Skip navigation
× You have 2 more free articles available this month. Subscribe today.

New Report Cites Higher Rates of HIV Infection Among Inmates

The virus that causes AIDS may be more common among prison and jail inmates, especially women, than previously thought, according to a new study based on testing of nearly 11,000 inmates entering 10 prisons and jails between mid-1988 and mid-1989. The study, conducted by the Johns Hopkins School of Public Health and the Centers for Disease Control, found that rates of Human Immunodeficiency Virus (HIV) infection ranged from 2.1 percent to 7.6 percent for male inmates, and 2.5 percent to 14.7 percent among females.

A variety of earlier studies have indicated HIV infection rates as high as 17.4 percent among inmates from the New York City area, but far lower rates elsewhere. The names of the prisons and jails in the new study were not released, but they were said to represent all areas of the country. The findings were reported in the Journal of the American Medical Association.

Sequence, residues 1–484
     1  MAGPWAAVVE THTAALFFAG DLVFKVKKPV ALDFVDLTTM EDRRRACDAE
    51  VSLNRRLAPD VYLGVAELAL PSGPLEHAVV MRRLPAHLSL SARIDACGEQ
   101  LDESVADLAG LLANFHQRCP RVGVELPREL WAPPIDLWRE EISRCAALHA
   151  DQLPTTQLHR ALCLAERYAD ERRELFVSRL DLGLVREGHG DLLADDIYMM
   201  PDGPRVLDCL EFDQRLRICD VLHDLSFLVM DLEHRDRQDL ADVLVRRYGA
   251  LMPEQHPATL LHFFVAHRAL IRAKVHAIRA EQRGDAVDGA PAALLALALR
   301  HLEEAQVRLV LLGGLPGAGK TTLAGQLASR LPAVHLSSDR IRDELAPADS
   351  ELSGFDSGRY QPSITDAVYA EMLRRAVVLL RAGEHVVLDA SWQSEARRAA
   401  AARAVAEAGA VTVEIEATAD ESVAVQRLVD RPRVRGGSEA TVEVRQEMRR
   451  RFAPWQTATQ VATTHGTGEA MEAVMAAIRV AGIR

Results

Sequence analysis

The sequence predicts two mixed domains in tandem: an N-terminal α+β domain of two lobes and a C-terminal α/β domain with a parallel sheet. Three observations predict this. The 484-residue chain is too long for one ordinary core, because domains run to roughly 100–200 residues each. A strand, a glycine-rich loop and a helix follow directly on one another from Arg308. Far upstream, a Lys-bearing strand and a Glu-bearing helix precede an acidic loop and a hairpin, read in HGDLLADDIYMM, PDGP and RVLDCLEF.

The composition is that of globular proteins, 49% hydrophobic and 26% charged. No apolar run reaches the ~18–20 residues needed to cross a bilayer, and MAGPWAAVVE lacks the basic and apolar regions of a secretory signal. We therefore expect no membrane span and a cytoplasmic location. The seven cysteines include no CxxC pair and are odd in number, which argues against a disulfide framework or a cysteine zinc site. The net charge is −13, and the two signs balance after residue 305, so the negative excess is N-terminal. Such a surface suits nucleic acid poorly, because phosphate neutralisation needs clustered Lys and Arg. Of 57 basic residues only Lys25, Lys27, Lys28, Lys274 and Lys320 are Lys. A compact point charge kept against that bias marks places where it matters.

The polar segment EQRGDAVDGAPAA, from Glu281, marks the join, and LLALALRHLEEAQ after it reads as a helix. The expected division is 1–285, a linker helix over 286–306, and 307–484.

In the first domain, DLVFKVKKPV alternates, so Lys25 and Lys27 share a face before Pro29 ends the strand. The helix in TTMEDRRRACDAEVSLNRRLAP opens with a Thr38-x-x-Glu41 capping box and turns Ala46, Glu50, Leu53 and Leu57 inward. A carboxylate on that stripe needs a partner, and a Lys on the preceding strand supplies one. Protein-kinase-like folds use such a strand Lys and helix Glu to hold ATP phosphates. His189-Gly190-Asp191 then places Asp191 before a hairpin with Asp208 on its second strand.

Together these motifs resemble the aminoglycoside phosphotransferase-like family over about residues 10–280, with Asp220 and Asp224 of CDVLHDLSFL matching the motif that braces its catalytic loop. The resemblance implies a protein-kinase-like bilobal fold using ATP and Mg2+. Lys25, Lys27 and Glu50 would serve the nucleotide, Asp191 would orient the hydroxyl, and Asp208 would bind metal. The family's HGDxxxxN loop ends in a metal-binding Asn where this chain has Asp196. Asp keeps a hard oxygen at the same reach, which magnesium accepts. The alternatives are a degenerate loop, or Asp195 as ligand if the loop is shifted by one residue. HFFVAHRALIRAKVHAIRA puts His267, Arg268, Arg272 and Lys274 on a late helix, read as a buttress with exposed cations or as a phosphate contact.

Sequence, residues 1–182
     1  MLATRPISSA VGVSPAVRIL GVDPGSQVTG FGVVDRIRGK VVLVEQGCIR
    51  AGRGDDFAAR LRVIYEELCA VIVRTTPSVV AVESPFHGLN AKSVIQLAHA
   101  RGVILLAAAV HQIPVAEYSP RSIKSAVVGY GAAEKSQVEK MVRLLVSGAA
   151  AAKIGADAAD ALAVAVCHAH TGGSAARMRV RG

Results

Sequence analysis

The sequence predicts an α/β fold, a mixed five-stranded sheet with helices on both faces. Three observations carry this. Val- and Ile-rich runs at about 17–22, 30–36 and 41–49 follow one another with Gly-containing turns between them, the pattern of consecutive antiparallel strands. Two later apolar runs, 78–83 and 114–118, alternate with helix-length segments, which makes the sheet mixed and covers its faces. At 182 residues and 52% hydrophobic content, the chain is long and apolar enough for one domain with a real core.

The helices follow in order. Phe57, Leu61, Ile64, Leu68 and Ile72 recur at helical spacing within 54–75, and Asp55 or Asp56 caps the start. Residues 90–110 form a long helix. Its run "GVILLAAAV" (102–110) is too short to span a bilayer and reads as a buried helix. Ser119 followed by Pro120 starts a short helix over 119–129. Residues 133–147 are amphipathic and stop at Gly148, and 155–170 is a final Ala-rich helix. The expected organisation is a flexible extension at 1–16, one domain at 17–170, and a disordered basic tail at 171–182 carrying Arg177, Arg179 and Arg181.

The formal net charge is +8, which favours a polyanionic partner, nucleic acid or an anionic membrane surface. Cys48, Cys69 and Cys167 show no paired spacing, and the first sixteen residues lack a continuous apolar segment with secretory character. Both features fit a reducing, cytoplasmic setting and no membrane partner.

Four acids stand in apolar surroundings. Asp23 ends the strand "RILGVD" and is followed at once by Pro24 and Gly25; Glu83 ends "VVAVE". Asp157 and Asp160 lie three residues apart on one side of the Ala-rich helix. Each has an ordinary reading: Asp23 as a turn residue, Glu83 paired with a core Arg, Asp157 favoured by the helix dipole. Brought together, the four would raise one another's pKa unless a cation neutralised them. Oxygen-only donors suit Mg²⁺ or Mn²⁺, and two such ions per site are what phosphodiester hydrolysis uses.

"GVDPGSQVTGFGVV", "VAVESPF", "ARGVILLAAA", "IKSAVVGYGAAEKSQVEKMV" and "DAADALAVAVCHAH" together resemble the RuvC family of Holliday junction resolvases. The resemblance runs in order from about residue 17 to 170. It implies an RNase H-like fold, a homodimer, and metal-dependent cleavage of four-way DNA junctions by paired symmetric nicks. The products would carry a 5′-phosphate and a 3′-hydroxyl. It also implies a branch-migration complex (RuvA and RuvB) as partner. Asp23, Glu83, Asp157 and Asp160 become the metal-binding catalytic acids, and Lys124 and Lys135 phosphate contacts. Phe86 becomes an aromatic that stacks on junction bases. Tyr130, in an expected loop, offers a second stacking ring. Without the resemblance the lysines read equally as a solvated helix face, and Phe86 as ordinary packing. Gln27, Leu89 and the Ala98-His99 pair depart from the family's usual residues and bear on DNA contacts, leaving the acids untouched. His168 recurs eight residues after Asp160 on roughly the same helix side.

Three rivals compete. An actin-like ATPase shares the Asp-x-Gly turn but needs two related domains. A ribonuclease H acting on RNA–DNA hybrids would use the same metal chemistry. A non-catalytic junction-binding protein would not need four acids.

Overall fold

At nine of the 10 correctional facilities, women had higher rates of HIV infection than men. The difference was greatest among prisoners under age 25, with 5.2 percent of women in that age group testing positive, compared to 2.3 percent of the men. Minority groups also had higher rates of infection: 4.8 percent overall, compared to 2.5 percent of white inmates. No major difference in HIV infection rates was found between prisons and jails.

As a digital subscriber to Prison Legal News, you can access full text and downloads for this and other premium content.

Subscribe today

Already a subscriber? Login